by Brad Larsen, PhD
I’m the first to admit that living with pride is sometimes a challenge for me as a gay man. But the way I see it, the alternatives are not compelling enough to choose otherwise. By living proud as queer people we display the brilliance, creativity and love that only we can offer to the world. Living fully as we are is consistent with mental well-being and it is something about which we can be
But as we know, this hasn’t always been the case. I’ve heard many variations of the following homophobic and misogynist themes. “Little girls who like to dress like boys and little boys who like to play with dolls will grow up to become lesbian or gay.” “Homosexuals experience mental illness and use alcohol and drugs at a significantly higher rate than do heterosexuals.” “Homosexuality is an illness from which individuals should seek to recover.” Do these sound familiar? As a boy, I had a fondness for Cabbage Patch dolls. Did Abbey Madison and her golden yarn hair cause me to be gay? Even if she had that power, who cares?
As a psychologist resident, I think about these types of statements in the context of my chosen profession. These unfounded beliefs about the origins, conditions and cures for homosexuality were canonized by the fields of psychiatry and psychology when homosexuality was classified as a mental disorder with the publication of the Diagnostic and Statistical Manual of Mental Disorders in 1952. As the story goes, even gay identified members of the American Psychiatric Association at the time believed that homosexuality was a mental illness.
Thankfully, the fields of psychiatry and psychology have long since become champions for the rights of queer people. But the causes made in the 1950s continue to impact our lives in ways that astonish me. The truth is that the basis for homophobia today is founded in the outdated and shaming conclusion that homosexual people are mentally ill.
The shame experienced by so many youth who are committing suicide over sexual orientation; a father’s belief that he has failed because his son is gay; a religious leader’s council to a confused family to engage in reparative therapy; and legislative campaigns that have kept gay men and women from being treated equally under the law can all be traced back, in part, to the homophobic belief that we are fundamentally ill.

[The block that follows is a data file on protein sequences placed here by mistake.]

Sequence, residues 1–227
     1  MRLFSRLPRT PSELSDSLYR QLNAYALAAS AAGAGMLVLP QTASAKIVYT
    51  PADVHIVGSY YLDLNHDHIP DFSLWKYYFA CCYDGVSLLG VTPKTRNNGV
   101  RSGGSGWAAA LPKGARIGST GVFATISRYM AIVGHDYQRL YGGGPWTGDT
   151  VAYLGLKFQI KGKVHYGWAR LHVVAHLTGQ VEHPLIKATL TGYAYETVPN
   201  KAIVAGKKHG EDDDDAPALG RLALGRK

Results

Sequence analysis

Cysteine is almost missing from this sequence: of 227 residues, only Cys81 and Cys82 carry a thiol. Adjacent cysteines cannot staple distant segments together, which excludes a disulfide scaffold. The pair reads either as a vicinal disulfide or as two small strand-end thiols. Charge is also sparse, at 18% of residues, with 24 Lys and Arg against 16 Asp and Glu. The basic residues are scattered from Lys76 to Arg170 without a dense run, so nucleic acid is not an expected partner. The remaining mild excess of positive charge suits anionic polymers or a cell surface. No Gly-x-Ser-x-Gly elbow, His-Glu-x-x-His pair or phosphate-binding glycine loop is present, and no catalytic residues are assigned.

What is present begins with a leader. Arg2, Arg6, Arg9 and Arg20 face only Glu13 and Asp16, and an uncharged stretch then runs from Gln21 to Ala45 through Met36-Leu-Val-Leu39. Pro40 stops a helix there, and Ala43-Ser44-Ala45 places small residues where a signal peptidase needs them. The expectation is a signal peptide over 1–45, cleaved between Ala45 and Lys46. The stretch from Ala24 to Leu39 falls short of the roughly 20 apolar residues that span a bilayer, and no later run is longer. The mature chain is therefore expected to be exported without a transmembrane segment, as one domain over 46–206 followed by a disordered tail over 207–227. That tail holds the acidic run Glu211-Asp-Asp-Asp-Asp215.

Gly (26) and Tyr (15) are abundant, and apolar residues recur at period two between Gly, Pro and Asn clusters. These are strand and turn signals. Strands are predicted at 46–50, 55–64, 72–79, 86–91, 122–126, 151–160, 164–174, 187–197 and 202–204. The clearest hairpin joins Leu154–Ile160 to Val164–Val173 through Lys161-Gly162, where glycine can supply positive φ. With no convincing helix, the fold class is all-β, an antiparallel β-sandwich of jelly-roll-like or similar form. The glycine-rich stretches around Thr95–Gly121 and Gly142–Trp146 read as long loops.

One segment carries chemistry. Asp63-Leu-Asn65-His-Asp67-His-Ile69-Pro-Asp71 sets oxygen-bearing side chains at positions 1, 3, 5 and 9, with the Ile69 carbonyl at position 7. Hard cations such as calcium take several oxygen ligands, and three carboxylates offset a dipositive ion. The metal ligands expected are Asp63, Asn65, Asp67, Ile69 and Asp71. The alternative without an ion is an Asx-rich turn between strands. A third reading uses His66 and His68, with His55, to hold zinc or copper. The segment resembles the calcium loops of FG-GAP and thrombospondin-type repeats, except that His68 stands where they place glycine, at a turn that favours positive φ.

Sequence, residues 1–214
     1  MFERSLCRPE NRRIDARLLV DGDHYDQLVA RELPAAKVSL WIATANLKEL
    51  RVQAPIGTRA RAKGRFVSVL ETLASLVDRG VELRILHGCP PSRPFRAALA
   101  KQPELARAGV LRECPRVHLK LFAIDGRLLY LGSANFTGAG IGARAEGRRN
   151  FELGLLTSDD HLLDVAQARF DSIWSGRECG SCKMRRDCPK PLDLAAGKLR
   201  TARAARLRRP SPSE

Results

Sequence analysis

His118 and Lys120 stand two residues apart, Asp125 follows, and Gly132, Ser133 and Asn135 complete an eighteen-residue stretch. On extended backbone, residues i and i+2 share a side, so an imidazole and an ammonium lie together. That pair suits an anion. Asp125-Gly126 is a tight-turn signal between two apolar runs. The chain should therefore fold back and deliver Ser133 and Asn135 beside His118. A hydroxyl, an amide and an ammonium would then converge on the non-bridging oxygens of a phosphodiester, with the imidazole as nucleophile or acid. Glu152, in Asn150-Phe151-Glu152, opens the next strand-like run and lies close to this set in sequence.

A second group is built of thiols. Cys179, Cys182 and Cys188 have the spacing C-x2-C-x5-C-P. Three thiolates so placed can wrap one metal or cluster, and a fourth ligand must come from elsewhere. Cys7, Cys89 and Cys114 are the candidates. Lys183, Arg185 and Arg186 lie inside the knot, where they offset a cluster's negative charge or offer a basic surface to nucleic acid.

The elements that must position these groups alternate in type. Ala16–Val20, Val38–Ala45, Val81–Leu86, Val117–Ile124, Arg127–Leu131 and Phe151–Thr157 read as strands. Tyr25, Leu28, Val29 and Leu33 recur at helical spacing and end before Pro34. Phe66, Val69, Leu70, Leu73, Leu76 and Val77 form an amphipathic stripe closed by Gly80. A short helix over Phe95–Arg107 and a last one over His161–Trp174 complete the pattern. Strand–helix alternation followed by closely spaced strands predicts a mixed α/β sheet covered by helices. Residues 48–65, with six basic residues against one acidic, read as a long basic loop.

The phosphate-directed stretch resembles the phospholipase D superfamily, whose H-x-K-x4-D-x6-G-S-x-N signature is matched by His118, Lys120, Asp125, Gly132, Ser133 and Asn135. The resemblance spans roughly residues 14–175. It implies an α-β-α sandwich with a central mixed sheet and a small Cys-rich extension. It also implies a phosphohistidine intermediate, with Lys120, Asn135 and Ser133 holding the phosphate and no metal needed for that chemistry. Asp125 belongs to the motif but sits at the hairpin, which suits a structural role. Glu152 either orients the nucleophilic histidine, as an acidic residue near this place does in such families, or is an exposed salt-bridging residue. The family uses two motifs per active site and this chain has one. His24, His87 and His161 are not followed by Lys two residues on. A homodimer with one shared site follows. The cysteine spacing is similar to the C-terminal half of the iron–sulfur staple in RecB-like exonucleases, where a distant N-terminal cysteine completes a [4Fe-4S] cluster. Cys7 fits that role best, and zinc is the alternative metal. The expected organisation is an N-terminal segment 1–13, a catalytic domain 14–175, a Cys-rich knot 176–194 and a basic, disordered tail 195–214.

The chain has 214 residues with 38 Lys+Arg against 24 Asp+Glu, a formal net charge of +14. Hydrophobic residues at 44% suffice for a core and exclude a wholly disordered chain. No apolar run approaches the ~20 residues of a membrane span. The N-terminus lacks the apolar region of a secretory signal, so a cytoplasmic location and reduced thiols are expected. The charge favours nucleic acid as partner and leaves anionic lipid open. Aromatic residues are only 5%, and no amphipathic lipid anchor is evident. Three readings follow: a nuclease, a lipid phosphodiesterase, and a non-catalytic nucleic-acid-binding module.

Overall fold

Homophobia is the force that makes us feel that we should be ashamed of our love for same gender others and that we should tuck away the unacceptable parts of who we are. Understandably, as children we learned to hide unacceptable aspects of who we are in order to keep family, community and friends from rejecting us. This ability to hide parts of ourselves is essential to our survival, but it can be essential to our downfall.
When we disavow parts of ourselves in response to homophobia, what we’re doing is depressing that which we’ve been told by family, religion, media and society, is unacceptable. We use drugs, alcohol, sex, work, unhealthy relationships; you name it, to soothe the shame in our hearts. These parts that we’ve hidden away become deadened by our attempts to resolve the dissonance. This depressive process is at the root of a kind of psychological depression, not at all an illness, but a natural response to an oppressive environment.
Our work, mine too, as the healthy human beings that we are, is to breathe new life into our whole being; we must awaken those parts that have been hidden away away and invite them to the party. As queer people, we must strive to be open, fully endowed and revived, exactly as we are. Living fully absolves depression of its function and allows us to quite naturally live with pride.